By Natalie Mojica   

While fixed mortgage rates have been steadily rising the past few weeks, it appears they are finally stabilizing. Today, the average mortgage rate for 30-year fixed mortgages is 3.42%.   

Mortgage experts like Mike Fratantoni, the chief economist at the Mortgage Bankers Association, think the average rate on a 30-year mortgage will increase throughout the year. Frantantoni predicted it would hit 4% by late 2022.  

This prediction follows the latest announcement from the Federal Reserve that it will raise interest rates in March to curb inflation.  

“We definitely are poised for a March increase. But after that, I want to see what the data brings us […]let’s get through Omicron, let’s look at this and let’s see,” said Mary Daly, a Fed president from San Francisco.    

Besides the mortgage rate, analysts from Redfin, a real estate brokerage, reported an increase in affordable housing on the market. For instance, in Washington D.C., affordable listings with a median sales price of $150,000 increased 41% in 2021 compared to 2020.    

In addition to the positive mortgage news, the Washington Post reported that owning a home is now more affordable than renting in 58% of housing markets in the U.S. The only places where renting is a better financial option are most urban areas like Miami or New York City. However, buying remaihouns more affordable in cities like Houston and Philadelphia.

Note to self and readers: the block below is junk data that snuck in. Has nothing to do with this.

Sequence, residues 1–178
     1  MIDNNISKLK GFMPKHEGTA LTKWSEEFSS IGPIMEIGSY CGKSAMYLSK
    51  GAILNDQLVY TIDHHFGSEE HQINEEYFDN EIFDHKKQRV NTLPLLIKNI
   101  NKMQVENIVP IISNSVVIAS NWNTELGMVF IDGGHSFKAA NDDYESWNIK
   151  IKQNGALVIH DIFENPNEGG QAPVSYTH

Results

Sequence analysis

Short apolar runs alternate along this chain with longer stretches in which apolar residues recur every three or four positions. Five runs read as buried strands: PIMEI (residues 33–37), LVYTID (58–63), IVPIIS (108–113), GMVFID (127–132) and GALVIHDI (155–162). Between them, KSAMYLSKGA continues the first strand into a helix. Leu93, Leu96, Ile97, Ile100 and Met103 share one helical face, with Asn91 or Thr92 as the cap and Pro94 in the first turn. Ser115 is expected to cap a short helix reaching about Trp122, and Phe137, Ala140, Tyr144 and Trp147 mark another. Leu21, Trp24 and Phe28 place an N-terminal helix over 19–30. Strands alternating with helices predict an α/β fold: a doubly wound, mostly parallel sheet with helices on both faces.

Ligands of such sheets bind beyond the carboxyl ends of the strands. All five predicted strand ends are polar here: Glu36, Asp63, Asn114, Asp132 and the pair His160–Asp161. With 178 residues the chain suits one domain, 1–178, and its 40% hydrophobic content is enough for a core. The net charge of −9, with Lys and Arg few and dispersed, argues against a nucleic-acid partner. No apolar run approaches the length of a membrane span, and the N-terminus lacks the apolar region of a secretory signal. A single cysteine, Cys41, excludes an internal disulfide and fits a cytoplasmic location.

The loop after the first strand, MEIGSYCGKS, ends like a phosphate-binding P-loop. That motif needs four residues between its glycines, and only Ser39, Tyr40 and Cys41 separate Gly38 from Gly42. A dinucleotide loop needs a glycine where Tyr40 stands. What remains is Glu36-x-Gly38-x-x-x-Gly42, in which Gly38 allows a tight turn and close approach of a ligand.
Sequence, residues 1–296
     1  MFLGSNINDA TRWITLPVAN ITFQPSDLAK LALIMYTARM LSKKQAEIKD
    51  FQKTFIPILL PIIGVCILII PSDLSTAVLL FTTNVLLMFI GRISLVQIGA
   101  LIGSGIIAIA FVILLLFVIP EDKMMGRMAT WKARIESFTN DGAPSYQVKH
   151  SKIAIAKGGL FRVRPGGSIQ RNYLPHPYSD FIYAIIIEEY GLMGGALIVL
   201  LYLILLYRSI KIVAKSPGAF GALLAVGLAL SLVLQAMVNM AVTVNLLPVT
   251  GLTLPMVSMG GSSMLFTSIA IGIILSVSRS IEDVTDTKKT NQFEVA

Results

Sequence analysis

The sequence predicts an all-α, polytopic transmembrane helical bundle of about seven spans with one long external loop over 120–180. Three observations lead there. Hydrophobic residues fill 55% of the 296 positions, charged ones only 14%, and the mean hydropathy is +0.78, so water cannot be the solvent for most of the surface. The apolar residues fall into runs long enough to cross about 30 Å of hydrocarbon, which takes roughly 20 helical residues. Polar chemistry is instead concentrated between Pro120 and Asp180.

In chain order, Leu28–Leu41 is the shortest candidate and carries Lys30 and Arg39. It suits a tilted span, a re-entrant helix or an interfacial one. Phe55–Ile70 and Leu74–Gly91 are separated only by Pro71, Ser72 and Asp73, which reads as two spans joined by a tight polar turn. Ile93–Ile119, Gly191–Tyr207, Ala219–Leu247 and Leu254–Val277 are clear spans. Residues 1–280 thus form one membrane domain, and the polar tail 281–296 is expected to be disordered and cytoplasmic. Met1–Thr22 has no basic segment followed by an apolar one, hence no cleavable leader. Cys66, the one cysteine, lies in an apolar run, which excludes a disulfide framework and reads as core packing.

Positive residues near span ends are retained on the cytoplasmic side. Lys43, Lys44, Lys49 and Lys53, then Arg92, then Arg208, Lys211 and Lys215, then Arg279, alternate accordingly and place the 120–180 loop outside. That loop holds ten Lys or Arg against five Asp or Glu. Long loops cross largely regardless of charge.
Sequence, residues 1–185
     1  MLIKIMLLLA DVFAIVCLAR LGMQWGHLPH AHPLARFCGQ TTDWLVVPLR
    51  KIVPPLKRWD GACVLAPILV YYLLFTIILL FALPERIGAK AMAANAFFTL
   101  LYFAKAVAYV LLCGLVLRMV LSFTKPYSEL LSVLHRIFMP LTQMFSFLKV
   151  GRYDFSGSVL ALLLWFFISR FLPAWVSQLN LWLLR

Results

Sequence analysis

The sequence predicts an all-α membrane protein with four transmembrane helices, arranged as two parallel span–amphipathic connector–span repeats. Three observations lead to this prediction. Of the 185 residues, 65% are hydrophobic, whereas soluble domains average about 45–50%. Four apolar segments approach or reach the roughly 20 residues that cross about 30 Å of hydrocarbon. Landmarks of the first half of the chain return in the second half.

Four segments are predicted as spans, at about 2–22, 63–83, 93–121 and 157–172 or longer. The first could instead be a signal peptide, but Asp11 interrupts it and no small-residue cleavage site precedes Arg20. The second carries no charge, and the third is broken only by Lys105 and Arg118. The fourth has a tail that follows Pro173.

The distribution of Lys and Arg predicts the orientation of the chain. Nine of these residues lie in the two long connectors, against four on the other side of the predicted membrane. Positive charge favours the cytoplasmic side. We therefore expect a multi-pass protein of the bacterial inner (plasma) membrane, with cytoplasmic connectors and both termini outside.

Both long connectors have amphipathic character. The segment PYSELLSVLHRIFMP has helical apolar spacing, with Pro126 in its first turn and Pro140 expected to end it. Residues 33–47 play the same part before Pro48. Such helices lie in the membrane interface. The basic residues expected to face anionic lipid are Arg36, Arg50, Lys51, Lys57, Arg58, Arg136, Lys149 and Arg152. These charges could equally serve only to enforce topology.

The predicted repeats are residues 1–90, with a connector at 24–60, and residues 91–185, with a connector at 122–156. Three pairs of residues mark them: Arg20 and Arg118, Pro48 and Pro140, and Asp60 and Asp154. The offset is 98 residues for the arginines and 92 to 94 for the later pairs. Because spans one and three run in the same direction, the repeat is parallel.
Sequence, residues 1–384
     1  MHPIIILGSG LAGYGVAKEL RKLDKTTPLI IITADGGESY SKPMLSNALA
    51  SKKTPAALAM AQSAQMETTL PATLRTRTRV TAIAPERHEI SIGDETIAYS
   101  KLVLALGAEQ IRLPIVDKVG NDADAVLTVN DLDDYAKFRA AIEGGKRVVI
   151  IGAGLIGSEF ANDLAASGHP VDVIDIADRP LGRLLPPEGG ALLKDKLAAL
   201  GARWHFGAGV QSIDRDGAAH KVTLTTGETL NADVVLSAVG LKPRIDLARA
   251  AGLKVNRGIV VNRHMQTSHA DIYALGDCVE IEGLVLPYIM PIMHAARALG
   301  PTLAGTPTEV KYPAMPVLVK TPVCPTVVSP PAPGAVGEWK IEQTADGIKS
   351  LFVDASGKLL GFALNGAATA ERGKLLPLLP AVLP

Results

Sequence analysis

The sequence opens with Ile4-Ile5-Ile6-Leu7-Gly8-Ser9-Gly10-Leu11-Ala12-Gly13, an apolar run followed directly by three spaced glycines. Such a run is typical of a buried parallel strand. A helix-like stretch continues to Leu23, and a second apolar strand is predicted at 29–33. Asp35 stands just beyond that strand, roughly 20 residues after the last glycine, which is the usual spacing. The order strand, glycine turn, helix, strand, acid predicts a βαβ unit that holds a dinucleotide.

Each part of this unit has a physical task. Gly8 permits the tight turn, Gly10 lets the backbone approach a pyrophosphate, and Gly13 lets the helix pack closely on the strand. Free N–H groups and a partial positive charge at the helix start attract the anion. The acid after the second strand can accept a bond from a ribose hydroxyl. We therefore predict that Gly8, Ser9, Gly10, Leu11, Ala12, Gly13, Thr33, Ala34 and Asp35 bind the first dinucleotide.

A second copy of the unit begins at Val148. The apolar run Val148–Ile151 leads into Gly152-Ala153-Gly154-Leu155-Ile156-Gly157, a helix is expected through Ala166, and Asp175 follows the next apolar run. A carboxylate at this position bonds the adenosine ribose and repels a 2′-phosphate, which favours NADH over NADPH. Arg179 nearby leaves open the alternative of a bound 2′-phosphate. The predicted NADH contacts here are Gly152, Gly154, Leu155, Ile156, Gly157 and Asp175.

Despite the increase in affordable houses and low fixed mortgage rates, many consumers are still frustrated with the current U.S. housing market. From the end of 2020 to the end of 2021, average home prices have increased by 17.5%.   

According to The Atlantic, the increase in prices has less to do with the pandemic than people think. The primary cause is the relationship between the housing market’s supply and demand with future buyers. Currently, there is a disproportionately high market of new buyers with a smaller supply of homes.  

“If you’re buying a house, it should be because you want to live in it for at least five years, and ideally many more—which also will mean that even if prices fluctuate, you have a better chance of your investment appreciating over time. The longer you stay in the house, the [less] your timing in this particular house-price cycle [will] matter,” Chris Herbert, the managing director of Harvard’s Joint Center for Housing Studies, advised consumers looking to buy a home soon.